The Heart of a CPU
Here's a very similar Verilog statement:
Superficially the same, but very different. This gives a requirement for an output that will always react to a change in selector. The value of out will always be
b and if at any time selector changes, out will change immediately.
In other words, supposes I had 10 statements like that driving
out0, out1, out2, and so on. In C, there would be no way that
out9 would change at the same time. The CPU is really only looking at one of them at a time (unless you posit some exotic multiprocessor system that chops your code up inside a function). However, in Verilog the requirement to do this for each output will cause all of them to be serviced at the same time. In an FPGA, that means there will be 10 mux gates, one to drive each output. There is no "cycling through" the 10 items. Each one does what it is supposed to do all the time and independent of the others.
That's great if you are running on an FPGA. However, for now I'm using the Icarus simulator. Note the word simulator! Icarus pretends a certain amount of time has passed and then recomputes all outputs. Then it advances the simulated time a little and repeats. As long as you refer to simulated time, the behavior is the same as it would be for a real FPGA. To control the programmatic nature of the simulator, you often put an initial block and some actual procedural code that has to run in a step by step nature like a regular program. Consider the test bench for vtach:
'timescale 1us/1ns module vtach_tb(); reg clk; reg reset; top dut(clk,reset); always #1 clk=~clk; initial begin $display("vtach - A CARDIAC implmentation in Verilog"); $display("By Al Williams [email protected]"); $display("Licensed under the Lesser GPL"); $display("See files COPYING and COPYING.LESSER for details"); $dumpfile("vtach_tb.vcd"); $dumpvars; clk=1'b0; reset=1'b1; dut.mem.row0=13'h101; // load location 1 into acc (acc=500) dut.mem.row0=13'h500; // output location 0 (print 101) dut.mem.row0=13'h033; // Input to location 33 (X) dut.mem.row0=13'h533; // output location 33 dut.mem.row0=13'h200; // add acc + location 0 (500+101=601) dut.mem.row0=13'h733; // sub acc - location 33 (601-X) dut.mem.row0=13'h610; // store acc to location 10 dut.mem.row0=13'h510; // output location 10 dut.mem.row0=13'h820; // goto location 20 dut.mem.row2=13'h599; // output return address from jump (should be 9) dut.mem.row2=13'h900; // halt! // dut.mem.row0=13'h800; // Only use this line with io_input.v // not with io_input_keyboard.v // dut.execunit.in.inputvalues=13'h222; #5 reset=1'b0; end endmodule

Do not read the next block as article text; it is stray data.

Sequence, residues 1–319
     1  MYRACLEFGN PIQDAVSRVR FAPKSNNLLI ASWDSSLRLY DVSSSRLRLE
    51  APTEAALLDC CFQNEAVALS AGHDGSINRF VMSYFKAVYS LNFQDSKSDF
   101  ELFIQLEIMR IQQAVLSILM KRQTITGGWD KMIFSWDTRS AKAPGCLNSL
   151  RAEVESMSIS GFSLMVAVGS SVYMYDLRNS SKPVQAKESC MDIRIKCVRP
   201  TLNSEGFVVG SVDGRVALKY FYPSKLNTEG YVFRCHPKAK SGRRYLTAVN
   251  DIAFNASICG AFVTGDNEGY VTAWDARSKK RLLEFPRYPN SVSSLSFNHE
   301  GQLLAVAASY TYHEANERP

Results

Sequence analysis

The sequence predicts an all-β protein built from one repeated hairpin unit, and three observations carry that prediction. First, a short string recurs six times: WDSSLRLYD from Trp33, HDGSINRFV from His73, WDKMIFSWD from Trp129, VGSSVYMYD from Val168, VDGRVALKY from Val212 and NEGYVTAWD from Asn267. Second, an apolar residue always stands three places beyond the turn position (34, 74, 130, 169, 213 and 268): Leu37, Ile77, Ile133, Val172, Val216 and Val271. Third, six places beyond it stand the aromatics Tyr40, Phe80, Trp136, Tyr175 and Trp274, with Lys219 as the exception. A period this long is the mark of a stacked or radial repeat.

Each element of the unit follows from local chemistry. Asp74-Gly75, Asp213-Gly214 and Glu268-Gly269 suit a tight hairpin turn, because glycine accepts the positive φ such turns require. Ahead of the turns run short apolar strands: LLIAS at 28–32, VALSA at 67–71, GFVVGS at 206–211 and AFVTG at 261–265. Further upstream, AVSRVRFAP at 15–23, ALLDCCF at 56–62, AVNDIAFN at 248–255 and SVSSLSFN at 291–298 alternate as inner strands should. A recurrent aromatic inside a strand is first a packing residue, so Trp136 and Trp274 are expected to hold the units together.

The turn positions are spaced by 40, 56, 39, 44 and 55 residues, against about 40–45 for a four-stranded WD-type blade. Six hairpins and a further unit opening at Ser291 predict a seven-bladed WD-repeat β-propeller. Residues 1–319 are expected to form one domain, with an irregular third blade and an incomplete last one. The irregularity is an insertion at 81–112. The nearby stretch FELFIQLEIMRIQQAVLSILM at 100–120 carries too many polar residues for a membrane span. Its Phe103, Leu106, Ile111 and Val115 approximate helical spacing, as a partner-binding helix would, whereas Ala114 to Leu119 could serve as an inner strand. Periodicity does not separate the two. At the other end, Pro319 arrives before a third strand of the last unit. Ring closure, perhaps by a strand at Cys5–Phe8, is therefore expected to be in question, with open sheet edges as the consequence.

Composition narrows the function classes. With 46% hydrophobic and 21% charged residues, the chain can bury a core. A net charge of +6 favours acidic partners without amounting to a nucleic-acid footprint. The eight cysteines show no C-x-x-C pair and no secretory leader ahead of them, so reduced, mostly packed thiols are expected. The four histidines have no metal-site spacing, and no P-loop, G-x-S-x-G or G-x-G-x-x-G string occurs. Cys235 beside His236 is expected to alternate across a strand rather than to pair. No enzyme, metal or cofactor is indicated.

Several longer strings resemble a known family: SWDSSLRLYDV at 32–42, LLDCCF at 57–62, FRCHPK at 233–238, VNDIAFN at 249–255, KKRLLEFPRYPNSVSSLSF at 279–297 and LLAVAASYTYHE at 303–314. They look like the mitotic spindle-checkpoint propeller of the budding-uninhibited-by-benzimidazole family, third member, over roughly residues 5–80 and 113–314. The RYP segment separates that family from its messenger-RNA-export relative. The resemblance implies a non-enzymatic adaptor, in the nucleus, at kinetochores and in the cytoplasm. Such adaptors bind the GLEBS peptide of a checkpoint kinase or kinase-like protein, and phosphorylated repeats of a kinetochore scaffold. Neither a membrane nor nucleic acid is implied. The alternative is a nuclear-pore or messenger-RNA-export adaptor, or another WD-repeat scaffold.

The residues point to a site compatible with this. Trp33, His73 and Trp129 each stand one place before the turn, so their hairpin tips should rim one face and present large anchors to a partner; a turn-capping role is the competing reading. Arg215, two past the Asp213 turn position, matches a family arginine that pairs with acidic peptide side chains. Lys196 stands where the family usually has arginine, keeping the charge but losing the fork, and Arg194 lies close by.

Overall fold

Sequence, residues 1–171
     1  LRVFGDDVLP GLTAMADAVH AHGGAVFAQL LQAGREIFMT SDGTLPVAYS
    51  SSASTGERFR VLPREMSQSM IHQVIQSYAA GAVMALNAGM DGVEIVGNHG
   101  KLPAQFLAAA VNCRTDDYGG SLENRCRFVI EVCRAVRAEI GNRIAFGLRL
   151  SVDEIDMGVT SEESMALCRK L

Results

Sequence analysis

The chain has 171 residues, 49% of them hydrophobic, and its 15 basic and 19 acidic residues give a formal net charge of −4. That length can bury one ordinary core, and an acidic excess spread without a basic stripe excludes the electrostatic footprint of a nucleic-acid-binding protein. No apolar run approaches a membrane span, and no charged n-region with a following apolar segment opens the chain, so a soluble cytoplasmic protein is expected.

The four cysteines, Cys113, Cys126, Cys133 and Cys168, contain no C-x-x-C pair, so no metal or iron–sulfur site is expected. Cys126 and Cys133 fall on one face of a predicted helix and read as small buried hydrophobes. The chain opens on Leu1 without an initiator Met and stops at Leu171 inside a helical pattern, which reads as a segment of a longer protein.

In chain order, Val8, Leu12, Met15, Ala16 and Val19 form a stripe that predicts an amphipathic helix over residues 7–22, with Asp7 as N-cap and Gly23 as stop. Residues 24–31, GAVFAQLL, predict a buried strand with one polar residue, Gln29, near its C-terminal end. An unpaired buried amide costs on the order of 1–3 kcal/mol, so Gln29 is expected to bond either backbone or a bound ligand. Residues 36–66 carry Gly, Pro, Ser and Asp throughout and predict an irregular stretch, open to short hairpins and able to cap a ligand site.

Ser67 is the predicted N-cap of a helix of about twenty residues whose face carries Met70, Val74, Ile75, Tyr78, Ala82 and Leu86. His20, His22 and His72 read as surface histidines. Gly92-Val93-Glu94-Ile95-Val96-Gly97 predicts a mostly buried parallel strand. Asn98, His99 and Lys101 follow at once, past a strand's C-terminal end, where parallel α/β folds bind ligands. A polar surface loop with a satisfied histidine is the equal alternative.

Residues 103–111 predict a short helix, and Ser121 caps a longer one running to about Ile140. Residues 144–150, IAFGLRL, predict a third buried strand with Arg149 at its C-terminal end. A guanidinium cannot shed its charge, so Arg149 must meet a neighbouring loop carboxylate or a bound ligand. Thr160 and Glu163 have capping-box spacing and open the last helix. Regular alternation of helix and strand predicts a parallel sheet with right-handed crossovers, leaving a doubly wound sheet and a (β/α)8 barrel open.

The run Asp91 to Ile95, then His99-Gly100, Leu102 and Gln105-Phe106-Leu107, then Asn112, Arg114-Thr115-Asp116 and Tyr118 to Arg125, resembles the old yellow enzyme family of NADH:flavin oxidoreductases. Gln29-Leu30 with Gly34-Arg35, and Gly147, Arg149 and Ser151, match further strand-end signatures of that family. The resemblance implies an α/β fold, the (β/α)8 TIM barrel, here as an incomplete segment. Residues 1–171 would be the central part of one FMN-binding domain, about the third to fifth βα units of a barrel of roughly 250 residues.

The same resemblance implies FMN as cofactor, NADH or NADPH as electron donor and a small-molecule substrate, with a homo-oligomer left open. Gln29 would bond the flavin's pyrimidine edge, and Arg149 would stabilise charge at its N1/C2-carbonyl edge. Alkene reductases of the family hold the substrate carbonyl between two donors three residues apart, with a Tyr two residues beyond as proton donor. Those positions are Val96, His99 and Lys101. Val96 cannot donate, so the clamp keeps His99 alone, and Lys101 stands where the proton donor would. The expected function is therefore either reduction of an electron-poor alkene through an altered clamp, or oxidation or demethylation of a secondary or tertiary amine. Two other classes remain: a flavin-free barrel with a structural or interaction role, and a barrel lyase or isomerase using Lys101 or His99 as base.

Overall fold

The timescale command tells the simulator to accept our timing inputs as having units of 1uS. It also tells the simulator to advance simulated time 1nS at a time. This allows you to visualize the output with a precision of 1nS without having to specify all timing inputs in such a fine resolution.
The line that names the top component is like an object instantiation in C++ or Java. It creates another module and "connects" the inputs and outputs. Keep in mind, this isn't like making a function call because it occurs all the time, not just when some invisible finger points to this line of code.
The CPU needs a clock and the line that reads:
always #1 clk=~clk;
simulates the clock, by pausing 1uS (the time mentioned in the timescale command) and then inverting the clock signal. This happens all the time, so you wind up with a nice square wave to drive the system.
Here's another example of something that happens all the time (from the execution unit in alu.v):
always @(posedge clk) begin if (rst==1'b0) // do nothing if in reset case (ir[11:8]) 4'b0000: // INP . . .
Here, the requirement is that the system determines when the positive edge of the clock occurs. It also tests the reset line, and if the system is not in reset it does a case statement on the first digit of the instruction register.
The rest of the test bench — another way of saying test driver, by the way — is inside an initial block. The simulator will execute the statements within as though they were a program. The # notation gives delays (in uS) to wait between statements.
I'll talk more about what's in this initialization as well as other modules of vtach next time. Meanwhile, the figure below shows a sample run of vtach displayed using GTKWave. Over the next few weeks I will finish up the rest of the instructions (right now, op codes 3 and 4 don't do anything) and also share more about the structure of a Verilog design and some of the unusual features of vtach. I've licensed vtach under the LGPL and, when it is done, you'll be able to find a living copy on OpenCores.
If you want to experiment in the meantime, all you need is the Icarus simulator and GTKWave. The go script in the downloads will run the test bench (and its very simple program). You can use GTKWave to examine the resulting vcd file.
If that sounds mysterious, don't worry. There will be more to come, including what is a vcd file and why you'd want to examine it. But I'll save that for next time.